Don’t do it! Pricking the skin will allow the juices to flow out and can make the sausage tough. Gentle cooking will prevent the sausage from exploding.
Yes, replace the cider with beef or chicken broth and omit the brown sugar and apple. You may want to increase the spices.
Cooking them in the oven for 45 minutes will cook them thoroughly. You want to make sure the internal temp is 160F. When fully cooked the brats may still look slightly pink inside, that’s ok.
You can use beer, or broth.
You can use fresh cabbage, try my Fried Cabbage and Bacon Slaw (below) as a delicious base.
why this dish works
THE EASE for one thing. After browning off of the brats, and a quick sauté of the onions and apples, it heads straight to the oven.
THE FLAVOR! The savory sausage juices seep down into the kraut as they bake, and the sweet sugar, apples, and cider balance out the cabbage, caraway seeds, and mustard. The sauerkraut slowly caramelizes as it bakes, helped along by the brown sugar.
THE VERSATILITY It’s a sit down dinner as is, just add a side of roasted potatoes and a green veg or salad. It can also be a make your own brat bar when you double or triple the recipe and set it out for people to assemble with buns and mustard.
more brat and sausage recipes
- Sheet Pan Peppers and Brats
- Slow Cooked Cider Brats with Apple Onion Relish
- Homemade Chicken Apple Sausage
- Jamie Oliver’s Easy Sausage Carbonara
- Brats with Spicy Cranberry Relish
- Italian Sausage and Bean Soup
Baked Brats in Caramelized Sauerkraut
- 9-10 inch oven safe skillet or grill pan
- Preheat oven to 350F
- Brush the brats lightly with olive oil.
- Brown them in a hot pan for a few minutes on each side, until they take on some nice color. Note: I do this right in the same pan I'm going to bake in, so make sure it can accommodate everything, and is oven safe. A 9 or 10 inch cast iron skillet or grill pan works perfectly, I use this one.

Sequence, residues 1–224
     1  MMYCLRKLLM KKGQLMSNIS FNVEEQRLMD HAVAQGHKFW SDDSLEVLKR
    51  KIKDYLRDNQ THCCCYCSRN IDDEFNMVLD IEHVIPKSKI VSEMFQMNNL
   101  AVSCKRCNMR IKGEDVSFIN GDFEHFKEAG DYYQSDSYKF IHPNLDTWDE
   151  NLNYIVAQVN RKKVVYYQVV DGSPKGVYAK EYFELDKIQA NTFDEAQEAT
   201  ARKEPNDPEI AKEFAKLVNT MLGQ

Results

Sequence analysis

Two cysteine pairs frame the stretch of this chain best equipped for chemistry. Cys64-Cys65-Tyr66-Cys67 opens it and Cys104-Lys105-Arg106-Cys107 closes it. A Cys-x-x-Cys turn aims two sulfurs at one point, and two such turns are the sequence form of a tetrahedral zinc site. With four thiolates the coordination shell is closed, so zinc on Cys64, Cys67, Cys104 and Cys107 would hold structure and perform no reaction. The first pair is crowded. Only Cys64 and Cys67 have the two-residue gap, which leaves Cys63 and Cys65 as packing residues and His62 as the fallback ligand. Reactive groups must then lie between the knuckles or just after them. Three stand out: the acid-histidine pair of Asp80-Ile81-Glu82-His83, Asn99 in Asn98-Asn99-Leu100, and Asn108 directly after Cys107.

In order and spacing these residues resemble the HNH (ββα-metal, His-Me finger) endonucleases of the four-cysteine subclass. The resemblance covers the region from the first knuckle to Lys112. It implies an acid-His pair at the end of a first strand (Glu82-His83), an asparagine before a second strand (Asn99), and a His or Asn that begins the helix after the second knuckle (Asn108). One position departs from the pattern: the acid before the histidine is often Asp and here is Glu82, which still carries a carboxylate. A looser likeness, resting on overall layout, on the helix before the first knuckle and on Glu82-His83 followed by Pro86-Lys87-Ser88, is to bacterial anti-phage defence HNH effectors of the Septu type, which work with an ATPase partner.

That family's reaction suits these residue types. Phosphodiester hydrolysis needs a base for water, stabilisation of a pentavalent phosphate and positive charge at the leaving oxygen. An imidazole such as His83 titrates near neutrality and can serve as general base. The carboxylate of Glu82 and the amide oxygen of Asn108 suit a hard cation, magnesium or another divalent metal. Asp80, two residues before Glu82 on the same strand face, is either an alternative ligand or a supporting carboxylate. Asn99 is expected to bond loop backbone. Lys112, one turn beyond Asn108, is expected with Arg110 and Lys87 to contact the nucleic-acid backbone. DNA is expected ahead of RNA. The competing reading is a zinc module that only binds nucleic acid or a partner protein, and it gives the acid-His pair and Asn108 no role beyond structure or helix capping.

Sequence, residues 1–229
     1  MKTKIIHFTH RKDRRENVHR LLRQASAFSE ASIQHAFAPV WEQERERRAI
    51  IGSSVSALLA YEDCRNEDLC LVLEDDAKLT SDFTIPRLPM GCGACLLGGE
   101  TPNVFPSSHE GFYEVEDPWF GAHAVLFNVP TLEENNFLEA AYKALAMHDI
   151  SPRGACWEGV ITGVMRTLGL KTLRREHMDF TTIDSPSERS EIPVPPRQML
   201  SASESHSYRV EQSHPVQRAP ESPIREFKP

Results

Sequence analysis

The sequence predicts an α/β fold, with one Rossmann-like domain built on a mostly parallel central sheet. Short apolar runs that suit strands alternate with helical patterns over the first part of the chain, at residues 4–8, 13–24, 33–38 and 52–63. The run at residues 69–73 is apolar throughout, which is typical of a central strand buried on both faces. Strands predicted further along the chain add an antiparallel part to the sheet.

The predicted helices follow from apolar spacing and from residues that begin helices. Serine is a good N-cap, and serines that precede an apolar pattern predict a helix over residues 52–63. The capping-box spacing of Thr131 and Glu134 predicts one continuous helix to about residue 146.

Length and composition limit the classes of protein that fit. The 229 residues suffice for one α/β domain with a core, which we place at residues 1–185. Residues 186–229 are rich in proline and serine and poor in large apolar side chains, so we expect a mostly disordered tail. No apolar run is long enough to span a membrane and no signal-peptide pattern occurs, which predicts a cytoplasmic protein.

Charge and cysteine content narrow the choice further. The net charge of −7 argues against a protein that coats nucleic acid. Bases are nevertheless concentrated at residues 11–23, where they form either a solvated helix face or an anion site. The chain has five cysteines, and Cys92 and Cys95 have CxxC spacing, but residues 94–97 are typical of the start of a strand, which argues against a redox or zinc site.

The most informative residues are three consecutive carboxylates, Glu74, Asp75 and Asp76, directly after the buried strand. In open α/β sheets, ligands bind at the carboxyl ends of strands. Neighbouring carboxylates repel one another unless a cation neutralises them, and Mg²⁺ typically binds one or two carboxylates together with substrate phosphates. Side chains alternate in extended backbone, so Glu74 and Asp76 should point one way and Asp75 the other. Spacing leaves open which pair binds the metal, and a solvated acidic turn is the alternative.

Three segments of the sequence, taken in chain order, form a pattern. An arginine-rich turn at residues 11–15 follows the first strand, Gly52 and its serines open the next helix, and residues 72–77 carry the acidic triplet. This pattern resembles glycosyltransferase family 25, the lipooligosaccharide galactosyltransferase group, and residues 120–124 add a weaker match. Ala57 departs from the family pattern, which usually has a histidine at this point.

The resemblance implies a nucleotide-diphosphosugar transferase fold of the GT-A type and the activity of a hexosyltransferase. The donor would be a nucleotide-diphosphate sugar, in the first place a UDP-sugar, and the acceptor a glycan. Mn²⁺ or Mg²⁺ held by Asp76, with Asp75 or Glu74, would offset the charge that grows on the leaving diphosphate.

- Remove the brats to a plate and set aside. Add the onions and apples to the same pan and saute over medium heat for a couple of minutes. Stir in the brown sugar.
- Add the spices and continue to cook, stirring often, for 2 more minutes.
- Add the sauerkraut and cider to the pan and mix well. Make sure to get all the browned bits from the bottom of the pan, that's great flavor!
- Bring the pan up to a boil, then add the brats to the pan and nestle them deep down into the kraut so they will braise in the oven.
- Bake, uncovered, for about 40-45 minutes, just until the brats are cooked through (internal temperature should be 160F) and the sauerkraut is nice and caramelized. Note: Give the sauerkrat a stir once or twice during cooking to redistribute the juices.
- Serve immediately, with plenty of grainy Dijon mustard.
- This recipe is phenomenal and I highly recommend it. The flavors are wonderfully balanced and it’s just a delight.
- I did use a mild sauerkraut, which I think is a good choice.
- Double or triple the recipe to feed a crowd.